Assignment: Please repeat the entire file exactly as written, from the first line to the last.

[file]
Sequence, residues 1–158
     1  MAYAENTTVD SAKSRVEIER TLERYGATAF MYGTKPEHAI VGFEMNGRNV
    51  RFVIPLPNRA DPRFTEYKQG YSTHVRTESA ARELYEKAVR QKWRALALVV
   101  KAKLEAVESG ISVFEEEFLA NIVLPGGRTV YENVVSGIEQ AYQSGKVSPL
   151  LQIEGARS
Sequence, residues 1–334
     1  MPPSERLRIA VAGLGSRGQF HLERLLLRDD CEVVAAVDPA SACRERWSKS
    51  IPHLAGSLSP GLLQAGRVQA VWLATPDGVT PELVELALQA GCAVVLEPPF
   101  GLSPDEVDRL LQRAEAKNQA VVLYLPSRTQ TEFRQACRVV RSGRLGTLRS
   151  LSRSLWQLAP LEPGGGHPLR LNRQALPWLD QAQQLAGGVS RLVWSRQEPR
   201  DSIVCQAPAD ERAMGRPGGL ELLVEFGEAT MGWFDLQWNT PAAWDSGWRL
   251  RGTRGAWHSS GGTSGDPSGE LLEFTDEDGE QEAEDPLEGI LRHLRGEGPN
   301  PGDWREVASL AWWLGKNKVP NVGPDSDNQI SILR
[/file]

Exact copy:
Sequence, residues 1–158
     1  MAYAENTTVD SAKSRVEIER TLERYGATAF MYGTKPEHAI VGFEMNGRNV
    51  RFVIPLPNRA DPRFTEYKQG YSTHVRTESA ARELYEKAVR QKWRALALVV
   101  KAKLEAVESG ISVFEEEFLA NIVLPGGRTV YENVVSGIEQ AYQSGKVSPL
   151  LQIEGARS
Sequence, residues 1–334
     1  MPPSERLRIA VAGLGSRGQF HLERLLLRDD CEVVAAVDPA SACRERWSKS
    51  IPHLAGSLSP GLLQAGRVQA VWLATPDGVT PELVELALQA GCAVVLEPPF
   101  GLSPDEVDRL LQRAEAKNQA VVLYLPSRTQ TEFRQACRVV RSGRLGTLRS
   151  LSRSLWQLAP LEPGGGHPLR LNRQALPWLD QAQQLAGGVS RLVWSRQEPR
   201  DSIVCQAPAD ERAMGRPGGL ELLVEFGEAT MGWFDLQWNT PAAWDSGWRL
   251  RGTRGAWHSS GGTSGDPSGE LLEFTDEDGE QEAEDPLEGI LRHLRGEGPN
   301  PGDWREVASL AWWLGKNKVP NVGPDSDNQI SILR